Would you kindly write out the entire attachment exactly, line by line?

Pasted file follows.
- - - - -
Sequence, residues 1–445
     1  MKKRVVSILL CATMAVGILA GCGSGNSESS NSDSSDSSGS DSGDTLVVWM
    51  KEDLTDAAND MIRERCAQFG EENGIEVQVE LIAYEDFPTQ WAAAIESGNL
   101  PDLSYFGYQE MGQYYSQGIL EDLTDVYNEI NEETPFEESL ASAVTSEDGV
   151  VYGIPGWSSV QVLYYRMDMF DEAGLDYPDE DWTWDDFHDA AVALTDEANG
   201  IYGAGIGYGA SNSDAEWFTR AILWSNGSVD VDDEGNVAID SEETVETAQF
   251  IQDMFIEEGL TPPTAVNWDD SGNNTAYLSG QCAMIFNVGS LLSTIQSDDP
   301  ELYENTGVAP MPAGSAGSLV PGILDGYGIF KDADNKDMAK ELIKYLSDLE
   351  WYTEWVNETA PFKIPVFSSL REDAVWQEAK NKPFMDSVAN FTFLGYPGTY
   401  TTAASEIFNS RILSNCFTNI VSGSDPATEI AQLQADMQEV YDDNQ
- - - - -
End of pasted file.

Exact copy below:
Sequence, residues 1–445
     1  MKKRVVSILL CATMAVGILA GCGSGNSESS NSDSSDSSGS DSGDTLVVWM
    51  KEDLTDAAND MIRERCAQFG EENGIEVQVE LIAYEDFPTQ WAAAIESGNL
   101  PDLSYFGYQE MGQYYSQGIL EDLTDVYNEI NEETPFEESL ASAVTSEDGV
   151  VYGIPGWSSV QVLYYRMDMF DEAGLDYPDE DWTWDDFHDA AVALTDEANG
   201  IYGAGIGYGA SNSDAEWFTR AILWSNGSVD VDDEGNVAID SEETVETAQF
   251  IQDMFIEEGL TPPTAVNWDD SGNNTAYLSG QCAMIFNVGS LLSTIQSDDP
   301  ELYENTGVAP MPAGSAGSLV PGILDGYGIF KDADNKDMAK ELIKYLSDLE
   351  WYTEWVNETA PFKIPVFSSL REDAVWQEAK NKPFMDSVAN FTFLGYPGTY
   401  TTAASEIFNS RILSNCFTNI VSGSDPATEI AQLQADMQEV YDDNQ